Notes from Indian CountryDiabetes: A disease that is ravaging Indian Country
By Tim Giago (Nanwica Kciji – Stands Up For Them) Over the years I have written about the epidemic that is the scourge of Indian Country: Diabetes. It is a disease that hits close to home. My younger sister Shirley suffered with it. First she lost a leg, and then an arm and had to go on dialysis much too young. Diabetes eventually proved too much for her and she died at a young age. My sister Sophie also died of the ravages of diabetes. Eric Yellow Boy, a longtime friend and employee, was admitted to Rapid City Regional Hospital on Friday due to problems related to his diabetes. My wife and I went to the hospital to visit him on Saturday and we were told that he was “in surgery” and we found out that he was about to lose a leg. I spoke with him today for the first time since he lost his leg. We were talking about his doctor and how they had taken him to surgery on Saturday and he said it happened so fast that he didn’t have time to ask any questions. He said, “Yesterday, after coming out of the recovery room, the pain was so bad that the doctor had to put me under anesthesia again.” He started to tell me about what happened on Sunday. He said, “I looked down at my leg for the first time” and then he couldn’t go on. It was such a shock to see that his leg was gone he couldn’t go on talking about it. We talked for a little while more and he said he is looking forward to rehab and getting back to work. Eric is a young man with a great sense of humor and a solid and reliable worker. He has worked for me for several years and suffered from his illness during all of those years. Perhaps there were times when he didn’t take as good a care of himself as he should have, but it seems that people with diabetes have a tendency to do that. One doesn’t feel the illness like other diseases and so those of us with diabetes (I am one) go about our lives as if there is nothing wrong with us. Eventually the disease catches up to us.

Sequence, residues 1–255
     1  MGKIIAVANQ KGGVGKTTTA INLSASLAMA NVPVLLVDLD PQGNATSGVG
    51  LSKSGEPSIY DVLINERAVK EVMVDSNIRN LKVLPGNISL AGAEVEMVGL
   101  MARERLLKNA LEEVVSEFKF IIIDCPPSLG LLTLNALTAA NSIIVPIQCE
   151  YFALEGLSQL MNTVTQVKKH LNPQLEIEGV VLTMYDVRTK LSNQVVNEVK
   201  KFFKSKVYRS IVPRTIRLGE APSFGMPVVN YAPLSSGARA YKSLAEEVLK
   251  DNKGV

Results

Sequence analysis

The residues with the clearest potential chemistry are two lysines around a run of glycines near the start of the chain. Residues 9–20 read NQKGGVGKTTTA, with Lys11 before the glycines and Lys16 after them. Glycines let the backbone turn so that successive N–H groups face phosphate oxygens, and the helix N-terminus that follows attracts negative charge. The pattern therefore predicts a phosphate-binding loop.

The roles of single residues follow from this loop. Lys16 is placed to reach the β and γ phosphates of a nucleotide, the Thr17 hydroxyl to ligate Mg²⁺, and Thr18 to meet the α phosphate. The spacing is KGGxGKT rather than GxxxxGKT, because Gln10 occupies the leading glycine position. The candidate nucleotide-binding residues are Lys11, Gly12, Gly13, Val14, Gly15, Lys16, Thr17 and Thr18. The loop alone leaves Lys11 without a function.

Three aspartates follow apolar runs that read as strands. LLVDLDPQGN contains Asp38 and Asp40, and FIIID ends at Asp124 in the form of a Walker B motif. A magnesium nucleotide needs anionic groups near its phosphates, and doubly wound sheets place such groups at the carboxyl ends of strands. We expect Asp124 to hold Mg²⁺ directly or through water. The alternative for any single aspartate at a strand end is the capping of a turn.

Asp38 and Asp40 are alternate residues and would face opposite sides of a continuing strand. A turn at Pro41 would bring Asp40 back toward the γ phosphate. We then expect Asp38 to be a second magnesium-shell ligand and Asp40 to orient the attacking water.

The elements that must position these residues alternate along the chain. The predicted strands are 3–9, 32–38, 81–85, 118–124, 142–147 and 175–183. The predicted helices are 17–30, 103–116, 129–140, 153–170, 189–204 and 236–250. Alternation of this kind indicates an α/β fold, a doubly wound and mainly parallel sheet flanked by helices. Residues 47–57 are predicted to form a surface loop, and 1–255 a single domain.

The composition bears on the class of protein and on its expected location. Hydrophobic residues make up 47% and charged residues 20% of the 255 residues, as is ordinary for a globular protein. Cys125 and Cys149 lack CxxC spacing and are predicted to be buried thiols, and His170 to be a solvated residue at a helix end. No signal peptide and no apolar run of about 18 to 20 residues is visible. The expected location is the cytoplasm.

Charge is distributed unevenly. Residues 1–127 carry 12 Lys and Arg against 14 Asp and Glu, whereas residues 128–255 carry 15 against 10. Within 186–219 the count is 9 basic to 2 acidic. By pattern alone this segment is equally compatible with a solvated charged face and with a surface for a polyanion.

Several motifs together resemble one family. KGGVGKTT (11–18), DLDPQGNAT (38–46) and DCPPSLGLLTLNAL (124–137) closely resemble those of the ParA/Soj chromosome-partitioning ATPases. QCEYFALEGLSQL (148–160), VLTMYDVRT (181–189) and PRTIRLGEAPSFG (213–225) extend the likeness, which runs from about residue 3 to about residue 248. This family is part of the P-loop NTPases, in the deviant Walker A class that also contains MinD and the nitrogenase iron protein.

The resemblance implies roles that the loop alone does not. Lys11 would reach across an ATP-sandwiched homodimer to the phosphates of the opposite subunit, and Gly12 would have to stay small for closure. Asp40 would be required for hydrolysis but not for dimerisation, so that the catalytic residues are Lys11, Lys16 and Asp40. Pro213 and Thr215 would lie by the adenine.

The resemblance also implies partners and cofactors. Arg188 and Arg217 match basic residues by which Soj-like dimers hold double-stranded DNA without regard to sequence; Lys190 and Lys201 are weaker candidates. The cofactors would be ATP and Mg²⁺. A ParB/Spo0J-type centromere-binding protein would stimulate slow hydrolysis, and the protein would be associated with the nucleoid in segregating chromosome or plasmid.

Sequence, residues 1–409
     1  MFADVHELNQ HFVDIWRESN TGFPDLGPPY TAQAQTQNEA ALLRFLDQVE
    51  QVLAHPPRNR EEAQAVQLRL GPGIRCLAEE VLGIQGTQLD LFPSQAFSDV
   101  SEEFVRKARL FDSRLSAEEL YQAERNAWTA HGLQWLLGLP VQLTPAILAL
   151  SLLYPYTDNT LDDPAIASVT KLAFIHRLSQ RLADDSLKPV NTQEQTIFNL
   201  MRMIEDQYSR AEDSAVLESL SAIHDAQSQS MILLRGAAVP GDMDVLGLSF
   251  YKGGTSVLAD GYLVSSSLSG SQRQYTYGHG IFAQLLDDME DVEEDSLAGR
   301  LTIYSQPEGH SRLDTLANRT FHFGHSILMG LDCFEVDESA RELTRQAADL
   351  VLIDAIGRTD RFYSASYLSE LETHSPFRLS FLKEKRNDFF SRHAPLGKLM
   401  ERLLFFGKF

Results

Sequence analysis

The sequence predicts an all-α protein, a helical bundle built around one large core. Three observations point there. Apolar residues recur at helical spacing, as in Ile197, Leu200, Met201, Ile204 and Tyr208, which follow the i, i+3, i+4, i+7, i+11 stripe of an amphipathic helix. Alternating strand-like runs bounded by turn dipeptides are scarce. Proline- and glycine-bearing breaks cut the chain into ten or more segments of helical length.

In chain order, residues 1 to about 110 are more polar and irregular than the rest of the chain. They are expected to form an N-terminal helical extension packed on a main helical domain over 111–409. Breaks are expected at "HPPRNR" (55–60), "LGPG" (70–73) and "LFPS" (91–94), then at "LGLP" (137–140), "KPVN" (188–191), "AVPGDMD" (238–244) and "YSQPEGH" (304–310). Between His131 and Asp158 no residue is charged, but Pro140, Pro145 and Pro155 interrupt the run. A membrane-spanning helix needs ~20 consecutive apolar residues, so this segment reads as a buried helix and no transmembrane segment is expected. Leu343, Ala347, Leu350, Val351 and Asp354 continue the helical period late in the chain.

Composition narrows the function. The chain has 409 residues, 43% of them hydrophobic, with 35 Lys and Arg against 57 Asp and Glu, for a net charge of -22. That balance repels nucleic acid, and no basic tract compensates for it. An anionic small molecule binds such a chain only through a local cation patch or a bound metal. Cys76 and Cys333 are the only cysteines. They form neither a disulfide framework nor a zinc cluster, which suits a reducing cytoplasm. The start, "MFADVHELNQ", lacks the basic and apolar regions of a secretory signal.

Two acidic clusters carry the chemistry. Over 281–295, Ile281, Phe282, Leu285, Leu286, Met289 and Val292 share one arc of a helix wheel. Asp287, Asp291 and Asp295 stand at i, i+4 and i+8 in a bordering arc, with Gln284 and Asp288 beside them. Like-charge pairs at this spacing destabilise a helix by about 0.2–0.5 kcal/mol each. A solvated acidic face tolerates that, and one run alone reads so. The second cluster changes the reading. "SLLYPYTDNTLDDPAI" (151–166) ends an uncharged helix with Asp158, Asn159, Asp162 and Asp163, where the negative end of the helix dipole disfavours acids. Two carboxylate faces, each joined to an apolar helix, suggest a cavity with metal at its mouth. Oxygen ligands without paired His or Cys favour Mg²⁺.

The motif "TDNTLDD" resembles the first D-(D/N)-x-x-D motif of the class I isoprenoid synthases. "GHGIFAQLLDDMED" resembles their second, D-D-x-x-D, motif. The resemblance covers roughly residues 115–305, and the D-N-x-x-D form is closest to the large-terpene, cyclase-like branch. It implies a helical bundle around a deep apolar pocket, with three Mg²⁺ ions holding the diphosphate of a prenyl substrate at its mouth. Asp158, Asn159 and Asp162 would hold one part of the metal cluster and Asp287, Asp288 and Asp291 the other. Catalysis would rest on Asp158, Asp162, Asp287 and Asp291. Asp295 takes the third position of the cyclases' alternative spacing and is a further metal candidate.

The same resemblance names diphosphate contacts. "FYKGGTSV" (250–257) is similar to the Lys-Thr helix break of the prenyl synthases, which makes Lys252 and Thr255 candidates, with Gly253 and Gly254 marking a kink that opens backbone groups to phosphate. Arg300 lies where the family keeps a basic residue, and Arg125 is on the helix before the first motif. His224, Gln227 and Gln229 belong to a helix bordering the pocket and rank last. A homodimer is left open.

As Eric discovered things begin to happen over which he had little or no control. First the feet begin to exhibit signs of the disease. With Eric it was the loss of a toe. We all joked with him about it at work, but we could sense that Eric was afraid. He kept on working and he really enjoyed his work as a telemarketer for the newspaper. What Eric said next should be a lesson to all of us. He said, “I know I should have taken better care of myself, but when you have diabetes you still feel as if there is nothing wrong and you do all of the things you know are killing you, but you just can’t stop.” The Indian tribes of the Great Plains signed the Fort Laramie Treaty of 1868 and one of the provisions of that treaty was that in exchange for millions of acres of land that made America what it is today, health care would be provided for the people in perpetuity. Well, that hasn’t always been the case. The people of the Great Plains lived on a diet that was healthy. They ate buffalo, plants like timpsila (turnips), traded for corn, squash, and tomatoes with the Southern tribes, plus they ate the fresh fruits like blueberries, currents, and plums that grew in abundance. When the white men killed off most of the buffalo in a deliberate attempt to subdue the tribes by starvation, they substituted the healthy diets of the Indian people with commodity foods. The foods were high in starch, bad fats, and carbohydrates, foods that were never a part of the diet of the people and suddenly diseases that were never familiar to the people began to appear. Diabetes, heart disease, strokes, cancer and other deadly diseases soon began to take a terrible toll on the people. And the heath care guaranteed by the treaties fell by the wayside. Even today the saying in Indian Country is “Don’t get sick after June,” because that is when most of the funds allocated to the Indian Health Service usually run out. It has been a continuous struggle for the Indian nations to force the U. S. Government to honor the treaties that made so many guarantees and when it comes to health, the consequences of that neglect are now highly visible. Senator Jon Tester (D-Montana) said while attempting to pass a bill on diabetes in Indian country, “On average, American Indians are two times more likely to be diagnosed with diabetes than other ethnicities. And once they have diabetes, their rate of kidney failure is nearly double the national average. It is compounded by the fact that nearly 30 percent live in poverty, many of them in rural areas with limited access to healthcare. There are some pockets of Indian Country where the rate of the disease is as high as 60 percent of the population.” The Trump administration is in the process of further cutting of the funds allocated to the Indian Health Service and this is a bad omen to a people already suffering from a life expectancy far below that of other Americans. Thousands of Native Americans are dying from diabetes every year and if there ever was a disease that could be called an epidemic, to the American Indian it is diabetes. Contact Tim Giago at email@example.com. Tim if the founder of the Native American Journalist Association and the founder of Indian Country Today newspaper. He was a Nieman Fellow at Harvard with the Class of 1991.